According to the report from THE DRIVE on June 9th, the first two prototype examples of the advanced B-21 stealth bomber are set to undergo ground testing before their first planned flight next year. South Dakota’s Ellsworth Air Force Base, which will be the home to the newest B-21 stealth bombers, is currently in the process of building infrastructure, training ground, and air crews to match it, according to Dr. Bo, a military expert and honored guest of LUDE Media.

The modernization of the U.S. Air Force’s bomber branch is gathering pace to optimize the U.S. Air Force’s strategic bomber portfolio, to keep the airspace domination of the U.S. military in the world, and to master the dominant deterrence force against China and Russia. The current U.S. bomber fleet is comprised of 61 B-1B Lancer bombers which cost $283 million each, 20 B-2 Spirit stealth bombers which cost $2.4 billion each, and 76 B-52 Stratofortress bombers which cost $14.43 million each, for a total of 158 aircrafts. Yet the brand-new B-21 Raider flying-wing stealth bombers which cost (only) $564 million each are attracting a lot of worldwide attention, and will enter service soon.

On June 8th, at a House Armed Services Committee (the panel) hearing, Darlene Costello, the Air Force’s Assistant Secretary of the Air Force for Acquisition, Technology, and Logistics, made the latest progress updates on the B-21 program and the bomber force at large. She revealed that the first two prototype examples of the (so-far) highly secretive B-21 Raider stealth bomber have now been completed at Plant 42 of Northrop Grumman in Palmdale, California. The Air Force now expects the rollout of the aircraft in early 2022, as the service prepares to start extensive ground tests and simulations at Edwards Air Force Base, California, for the two new flying-wing bombers; the first flight would be kicked off the middle of this year. The first operational B-21 are scheduled to enter service at Ellsworth Air Force Base in South Dakota. The initial operating location will be followed by Whiteman Air Force Base in Missouri, currently the home of the B-2 bombers, as well as Dyess Air Force Base in Texas, which currently hosts B-1B bombers. At the same time, she also confirmed that it has no plans to retire additional aging B-1B until deliveries of the Raider begin, scheduled for replacement some time in the mid-2020s, at the earliest.

In the meantime, Lieutenant General David S. Nahom, the Air Force’s Deputy Chief of Staff for Plans and Programs, confirmed the Air Force’s plans to field a future force of 225 bombers to the panel. As all B-1B Lancer and B-2 Spirit stealth bombers to be retired, this means that the planned bomber fleet will be comprise of all 76 Cold War-era B-52s that are still in service today, but will be significantly upgraded. There are also 149 B-21s, if there are real concerns on the pace of the B-21 Raider program.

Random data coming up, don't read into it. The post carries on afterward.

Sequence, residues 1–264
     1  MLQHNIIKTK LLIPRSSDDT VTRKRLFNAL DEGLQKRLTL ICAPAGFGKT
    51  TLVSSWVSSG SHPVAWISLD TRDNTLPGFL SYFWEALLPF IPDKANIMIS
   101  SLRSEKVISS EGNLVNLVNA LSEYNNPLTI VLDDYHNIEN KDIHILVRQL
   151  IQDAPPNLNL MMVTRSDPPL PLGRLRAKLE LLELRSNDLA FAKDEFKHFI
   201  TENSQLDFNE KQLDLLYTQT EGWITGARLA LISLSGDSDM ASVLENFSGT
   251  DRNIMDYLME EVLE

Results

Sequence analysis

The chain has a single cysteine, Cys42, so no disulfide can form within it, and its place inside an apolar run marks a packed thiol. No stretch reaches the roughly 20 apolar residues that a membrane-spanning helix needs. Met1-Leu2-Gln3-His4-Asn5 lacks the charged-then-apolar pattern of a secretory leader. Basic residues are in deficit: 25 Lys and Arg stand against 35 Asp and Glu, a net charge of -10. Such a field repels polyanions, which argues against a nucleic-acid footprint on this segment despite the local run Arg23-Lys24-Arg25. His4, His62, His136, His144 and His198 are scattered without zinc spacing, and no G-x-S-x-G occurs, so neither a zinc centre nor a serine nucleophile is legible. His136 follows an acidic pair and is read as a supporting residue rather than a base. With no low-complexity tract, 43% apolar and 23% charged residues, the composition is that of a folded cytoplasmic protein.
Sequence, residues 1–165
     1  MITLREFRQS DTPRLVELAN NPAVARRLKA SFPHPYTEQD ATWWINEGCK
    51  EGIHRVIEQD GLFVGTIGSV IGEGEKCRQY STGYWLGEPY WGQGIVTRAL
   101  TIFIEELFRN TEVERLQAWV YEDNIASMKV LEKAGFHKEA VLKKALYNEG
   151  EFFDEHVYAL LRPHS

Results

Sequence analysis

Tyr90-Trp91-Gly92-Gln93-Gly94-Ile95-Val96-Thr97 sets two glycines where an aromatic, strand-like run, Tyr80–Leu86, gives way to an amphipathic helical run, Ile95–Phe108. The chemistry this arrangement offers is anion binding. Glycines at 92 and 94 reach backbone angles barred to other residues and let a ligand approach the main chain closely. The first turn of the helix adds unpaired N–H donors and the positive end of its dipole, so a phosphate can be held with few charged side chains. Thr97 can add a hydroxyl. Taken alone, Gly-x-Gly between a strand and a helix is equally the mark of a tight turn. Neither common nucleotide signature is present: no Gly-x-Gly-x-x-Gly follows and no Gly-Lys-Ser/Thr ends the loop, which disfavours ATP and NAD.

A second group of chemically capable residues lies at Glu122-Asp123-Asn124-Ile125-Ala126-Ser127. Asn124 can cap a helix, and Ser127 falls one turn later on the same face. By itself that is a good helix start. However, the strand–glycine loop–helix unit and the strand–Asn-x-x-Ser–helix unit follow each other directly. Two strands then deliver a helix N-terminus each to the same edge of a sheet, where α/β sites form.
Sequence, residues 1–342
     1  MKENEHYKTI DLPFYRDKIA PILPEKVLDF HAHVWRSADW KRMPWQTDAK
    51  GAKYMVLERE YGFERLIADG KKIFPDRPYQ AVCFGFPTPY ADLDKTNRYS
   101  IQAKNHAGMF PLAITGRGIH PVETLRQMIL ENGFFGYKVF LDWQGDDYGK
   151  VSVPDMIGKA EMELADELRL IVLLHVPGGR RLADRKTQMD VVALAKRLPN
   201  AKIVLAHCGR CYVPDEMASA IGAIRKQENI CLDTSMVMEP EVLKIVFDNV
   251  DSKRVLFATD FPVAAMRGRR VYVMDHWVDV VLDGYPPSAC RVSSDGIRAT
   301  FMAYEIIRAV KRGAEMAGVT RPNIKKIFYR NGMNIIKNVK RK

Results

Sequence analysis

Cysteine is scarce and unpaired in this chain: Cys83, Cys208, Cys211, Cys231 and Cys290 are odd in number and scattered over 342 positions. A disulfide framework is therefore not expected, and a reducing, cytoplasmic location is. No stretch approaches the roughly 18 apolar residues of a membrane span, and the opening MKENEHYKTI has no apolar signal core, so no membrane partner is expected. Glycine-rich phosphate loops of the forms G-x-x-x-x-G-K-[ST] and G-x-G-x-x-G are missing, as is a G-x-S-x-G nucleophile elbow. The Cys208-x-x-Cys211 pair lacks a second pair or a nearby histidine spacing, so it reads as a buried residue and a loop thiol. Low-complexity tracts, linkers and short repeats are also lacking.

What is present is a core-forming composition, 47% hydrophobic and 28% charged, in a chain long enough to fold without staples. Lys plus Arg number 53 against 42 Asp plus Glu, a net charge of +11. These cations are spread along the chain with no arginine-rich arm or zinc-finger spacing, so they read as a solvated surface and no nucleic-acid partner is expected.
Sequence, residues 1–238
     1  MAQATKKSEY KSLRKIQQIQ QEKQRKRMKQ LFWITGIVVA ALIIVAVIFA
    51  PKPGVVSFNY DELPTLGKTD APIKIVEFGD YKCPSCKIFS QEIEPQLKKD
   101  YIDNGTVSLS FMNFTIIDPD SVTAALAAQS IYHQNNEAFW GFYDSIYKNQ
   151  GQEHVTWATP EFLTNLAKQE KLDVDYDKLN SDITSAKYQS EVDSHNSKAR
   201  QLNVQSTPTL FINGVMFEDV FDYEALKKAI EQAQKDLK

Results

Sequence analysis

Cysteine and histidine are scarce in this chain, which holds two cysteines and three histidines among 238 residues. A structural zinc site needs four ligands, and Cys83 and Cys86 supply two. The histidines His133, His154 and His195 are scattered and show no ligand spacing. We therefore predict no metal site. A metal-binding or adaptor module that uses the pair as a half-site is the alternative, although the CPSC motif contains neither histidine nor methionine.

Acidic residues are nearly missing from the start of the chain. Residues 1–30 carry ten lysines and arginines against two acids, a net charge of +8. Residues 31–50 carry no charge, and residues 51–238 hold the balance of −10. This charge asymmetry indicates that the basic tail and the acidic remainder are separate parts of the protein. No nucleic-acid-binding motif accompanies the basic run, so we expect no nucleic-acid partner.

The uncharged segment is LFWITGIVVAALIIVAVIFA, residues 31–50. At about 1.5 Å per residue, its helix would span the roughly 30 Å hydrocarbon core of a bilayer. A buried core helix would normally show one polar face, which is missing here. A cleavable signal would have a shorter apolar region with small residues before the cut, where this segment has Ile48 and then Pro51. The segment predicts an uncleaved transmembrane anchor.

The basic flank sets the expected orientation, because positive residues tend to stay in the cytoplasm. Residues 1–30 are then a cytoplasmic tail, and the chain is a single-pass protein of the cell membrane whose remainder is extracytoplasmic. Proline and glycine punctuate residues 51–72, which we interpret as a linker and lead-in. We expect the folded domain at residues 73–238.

According to Nahom, with the pending arrival of the B-21 Raider, the Air Force is currently in the process of retiring from service 17 of the most worn-out B-1B Lancer bombers to reduces its quantity from 62 to no less than 45 aircrafts until B-21 stealth bombers become available as direct replacements. This is because the combatant commanders need sufficient firepower in the next 5, 7, 10 years. Recently the entire B-1B fleet was grounded due to a problem with the fuel system, as heavy combat usage in Afghanistan and the Middle East in the recent years has taken a toll on the B-1B fleet. 

Lieutenant General S. Clinton Hinote, the Air Force’s Deputy Chief of Staff for Strategy, Integration, and Requirements Headquarters, told the panel that we can’t get the B-21s fast enough, as the risk in the bomber portfolio is high; we’ve got to do better as soon as possible to promote the B-21 capability and capacity. In its recent budget request for the 2022 Fiscal Year, the Air Force asked for $2.873 billion for continued work on the B-21 to prepare for initial production of the bombers. Of course, some changes might have to be made to the B-21 in light of testing, which presents another risk of delay in the program.

Until the B-21 is finally unveiled, many aspects of the aircraft itself remain a mystery, and Air Force officials have been tight-lipped about its exact capabilities. For instance, we don’t yet know if all the B-21 bombers will be nuclear-capable. Currently, all B-2s can carry nuclear weapons, none of the B-1s can, and dozens of the B-52s have had their nuclear capability removed. 

Whatever types of weapons they will end up carrying, the B-21 is set to provide a step-change in capability for the U.S. Air Force, which now looks likely to completely promote a strategic bomber pattern by trading 20 B-2s for close to 150 B-21s under collective procurement, which will also substantially replace the hard-worked B-1Bs too. This should be an amazingly great deal, as they are spending same amount of money on B-2s to buy over 7 times the amount of B-21 stealth bombers with similar performance to overhaul its ability to dominate highly contested global airspace, making sure the cornerstones of the U.S. become stronger and stronger to establish and maintain world order!

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Proofread/Posted by: Brain Sanitizer

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